Employee Payroll Tax Deferrals.
In a Payroll Tax Memorandum issued in August, President Trump directed the Treasury Secretary, Steven Mnuchin, to use his authority to defer the withholding, deposit, and payment of employee social security taxes, as well as taxes imposed under the Railroad Retirement Tax Act (RRTA) on railroad employees, for the period of September 1, 2020, through December 31, 2020. Because these taxes are not forgiven, and must be repaid at the end of the year, such a deferral could result in numerous practical challenges, such as what happens if an employee leaves before he or she repays the payroll taxes. If you have deferred an employee’s payroll taxes under this Presidential directive, you need to discuss your options.
Extension of Time to Pay Employment Taxes.
Under the CARES Act, a business can delay payment of applicable employment taxes for the period beginning on March 27,2020, and ending before January 1, 2021, which is the payroll tax deferral period. Generally, under this provision, the business is treated as having timely made all deposits of applicable employment taxes that would otherwise be required during the payroll tax deferral period if all such deposits are made not later than the “applicable date,” which is 1) December 31, 2021, with respect to 50 percent of the amounts due, and 2) December31, 2022, with respect to the remaining amounts. For self-employed taxpayers, the payment for 50 percent of the self-employment taxes for the payroll tax deferral period is not due before the applicable date. For purposes of applying the penalty for underpayment of estimated income taxes to any tax year which includes any part of the payroll tax deferral period, 50 percent of the self-employment taxes for the payroll tax deferral period are not treated as taxes to which that penalty applies.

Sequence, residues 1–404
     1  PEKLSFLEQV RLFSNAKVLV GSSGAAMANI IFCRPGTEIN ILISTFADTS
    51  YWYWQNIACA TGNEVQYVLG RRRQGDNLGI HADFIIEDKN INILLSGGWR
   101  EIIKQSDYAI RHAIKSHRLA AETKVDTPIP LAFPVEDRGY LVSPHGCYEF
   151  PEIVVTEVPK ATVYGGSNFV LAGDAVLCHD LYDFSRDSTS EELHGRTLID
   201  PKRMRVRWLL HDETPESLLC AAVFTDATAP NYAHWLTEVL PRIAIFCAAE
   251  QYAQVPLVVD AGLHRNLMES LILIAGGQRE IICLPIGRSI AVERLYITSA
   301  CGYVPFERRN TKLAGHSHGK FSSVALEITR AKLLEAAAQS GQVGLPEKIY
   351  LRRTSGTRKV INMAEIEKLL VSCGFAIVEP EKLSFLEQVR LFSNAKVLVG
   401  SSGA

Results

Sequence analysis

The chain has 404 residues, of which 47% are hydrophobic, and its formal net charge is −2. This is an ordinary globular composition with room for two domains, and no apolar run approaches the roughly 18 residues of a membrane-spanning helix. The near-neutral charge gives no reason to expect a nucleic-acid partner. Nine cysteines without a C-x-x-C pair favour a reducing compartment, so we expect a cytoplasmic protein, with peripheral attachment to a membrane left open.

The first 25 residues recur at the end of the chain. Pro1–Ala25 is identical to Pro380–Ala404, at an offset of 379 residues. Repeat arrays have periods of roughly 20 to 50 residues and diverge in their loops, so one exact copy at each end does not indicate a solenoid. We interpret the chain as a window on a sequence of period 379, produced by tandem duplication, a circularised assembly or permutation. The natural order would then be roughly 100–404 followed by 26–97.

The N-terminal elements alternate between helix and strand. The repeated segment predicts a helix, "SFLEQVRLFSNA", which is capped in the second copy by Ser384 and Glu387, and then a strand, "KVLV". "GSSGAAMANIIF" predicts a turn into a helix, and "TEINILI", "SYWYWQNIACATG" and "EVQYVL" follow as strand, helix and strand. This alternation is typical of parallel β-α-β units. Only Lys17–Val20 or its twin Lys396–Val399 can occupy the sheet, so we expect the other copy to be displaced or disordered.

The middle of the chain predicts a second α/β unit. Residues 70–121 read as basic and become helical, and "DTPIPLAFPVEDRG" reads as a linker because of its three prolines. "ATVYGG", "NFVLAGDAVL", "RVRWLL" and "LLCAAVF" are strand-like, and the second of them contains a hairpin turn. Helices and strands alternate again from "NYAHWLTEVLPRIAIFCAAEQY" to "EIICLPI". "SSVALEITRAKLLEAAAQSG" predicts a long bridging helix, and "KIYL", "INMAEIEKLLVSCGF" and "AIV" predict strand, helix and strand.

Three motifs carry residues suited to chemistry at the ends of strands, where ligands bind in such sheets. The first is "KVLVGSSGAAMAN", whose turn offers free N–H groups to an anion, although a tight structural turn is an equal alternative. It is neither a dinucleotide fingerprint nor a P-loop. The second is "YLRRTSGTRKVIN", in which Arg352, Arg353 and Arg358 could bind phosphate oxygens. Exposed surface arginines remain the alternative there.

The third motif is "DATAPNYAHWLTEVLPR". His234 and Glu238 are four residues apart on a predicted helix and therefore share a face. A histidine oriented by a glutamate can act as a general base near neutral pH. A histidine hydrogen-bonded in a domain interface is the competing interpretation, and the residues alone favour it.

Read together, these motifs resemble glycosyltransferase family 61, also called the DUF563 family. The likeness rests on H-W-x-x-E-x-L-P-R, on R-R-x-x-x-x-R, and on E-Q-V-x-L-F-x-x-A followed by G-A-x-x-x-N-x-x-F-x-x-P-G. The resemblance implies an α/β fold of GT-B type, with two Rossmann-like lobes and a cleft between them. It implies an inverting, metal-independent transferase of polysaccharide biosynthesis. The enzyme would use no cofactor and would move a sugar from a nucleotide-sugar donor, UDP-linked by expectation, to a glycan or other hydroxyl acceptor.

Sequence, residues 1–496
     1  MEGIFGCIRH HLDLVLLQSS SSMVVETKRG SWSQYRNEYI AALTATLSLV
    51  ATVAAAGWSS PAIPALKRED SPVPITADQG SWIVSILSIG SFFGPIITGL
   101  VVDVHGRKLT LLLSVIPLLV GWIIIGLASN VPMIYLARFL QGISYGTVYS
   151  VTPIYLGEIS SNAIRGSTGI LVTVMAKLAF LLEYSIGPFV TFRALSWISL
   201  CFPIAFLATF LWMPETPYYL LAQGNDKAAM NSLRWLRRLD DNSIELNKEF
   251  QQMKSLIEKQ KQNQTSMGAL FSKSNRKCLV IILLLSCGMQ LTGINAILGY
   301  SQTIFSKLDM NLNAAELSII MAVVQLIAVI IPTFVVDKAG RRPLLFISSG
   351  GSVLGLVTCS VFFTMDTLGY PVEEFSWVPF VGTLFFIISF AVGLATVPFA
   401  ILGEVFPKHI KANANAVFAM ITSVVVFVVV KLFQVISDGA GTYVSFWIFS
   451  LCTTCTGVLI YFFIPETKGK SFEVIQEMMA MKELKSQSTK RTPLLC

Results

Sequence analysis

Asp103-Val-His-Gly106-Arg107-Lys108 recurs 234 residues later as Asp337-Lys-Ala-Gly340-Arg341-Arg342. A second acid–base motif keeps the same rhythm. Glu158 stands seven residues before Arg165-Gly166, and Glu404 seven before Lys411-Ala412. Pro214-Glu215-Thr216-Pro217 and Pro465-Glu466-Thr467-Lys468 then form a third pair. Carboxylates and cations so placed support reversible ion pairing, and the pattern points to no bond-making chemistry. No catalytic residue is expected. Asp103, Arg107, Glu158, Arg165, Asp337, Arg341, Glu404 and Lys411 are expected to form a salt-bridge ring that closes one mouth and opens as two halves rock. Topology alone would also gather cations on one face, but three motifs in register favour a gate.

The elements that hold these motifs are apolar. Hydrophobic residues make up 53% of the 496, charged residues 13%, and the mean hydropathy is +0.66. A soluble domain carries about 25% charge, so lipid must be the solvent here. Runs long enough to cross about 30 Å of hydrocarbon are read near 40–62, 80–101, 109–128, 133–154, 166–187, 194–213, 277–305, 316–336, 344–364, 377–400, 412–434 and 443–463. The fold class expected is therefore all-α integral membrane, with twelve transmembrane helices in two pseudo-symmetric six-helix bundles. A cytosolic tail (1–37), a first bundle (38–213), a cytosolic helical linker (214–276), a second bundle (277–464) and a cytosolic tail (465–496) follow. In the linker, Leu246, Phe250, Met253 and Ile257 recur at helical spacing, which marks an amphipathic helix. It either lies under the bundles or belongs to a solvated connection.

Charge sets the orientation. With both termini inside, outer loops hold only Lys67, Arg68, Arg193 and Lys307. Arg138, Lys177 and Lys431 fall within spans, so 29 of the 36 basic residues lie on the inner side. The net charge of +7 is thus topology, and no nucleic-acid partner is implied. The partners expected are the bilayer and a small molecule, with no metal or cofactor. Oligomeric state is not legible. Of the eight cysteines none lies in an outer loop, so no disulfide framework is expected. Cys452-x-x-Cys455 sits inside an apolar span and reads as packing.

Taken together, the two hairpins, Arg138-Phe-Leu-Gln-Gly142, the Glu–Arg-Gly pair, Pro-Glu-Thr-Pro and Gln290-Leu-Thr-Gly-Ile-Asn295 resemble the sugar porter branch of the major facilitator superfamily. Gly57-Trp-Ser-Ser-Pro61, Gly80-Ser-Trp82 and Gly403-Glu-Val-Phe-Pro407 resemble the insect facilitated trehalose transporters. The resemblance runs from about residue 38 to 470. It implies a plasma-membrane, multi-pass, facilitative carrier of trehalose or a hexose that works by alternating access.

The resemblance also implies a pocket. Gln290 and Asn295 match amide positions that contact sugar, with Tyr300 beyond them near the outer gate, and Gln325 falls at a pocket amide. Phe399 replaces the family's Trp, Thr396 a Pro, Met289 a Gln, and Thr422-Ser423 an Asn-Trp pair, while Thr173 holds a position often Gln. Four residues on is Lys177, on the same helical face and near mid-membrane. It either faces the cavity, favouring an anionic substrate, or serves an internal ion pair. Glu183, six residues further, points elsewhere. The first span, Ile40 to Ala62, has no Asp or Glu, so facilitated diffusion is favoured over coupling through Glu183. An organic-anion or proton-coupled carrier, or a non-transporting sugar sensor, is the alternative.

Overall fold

Each taxpayer’s situation is different. You should consult with us or your tax professional to discuss your particular situation and determine the best course of action for you or your business.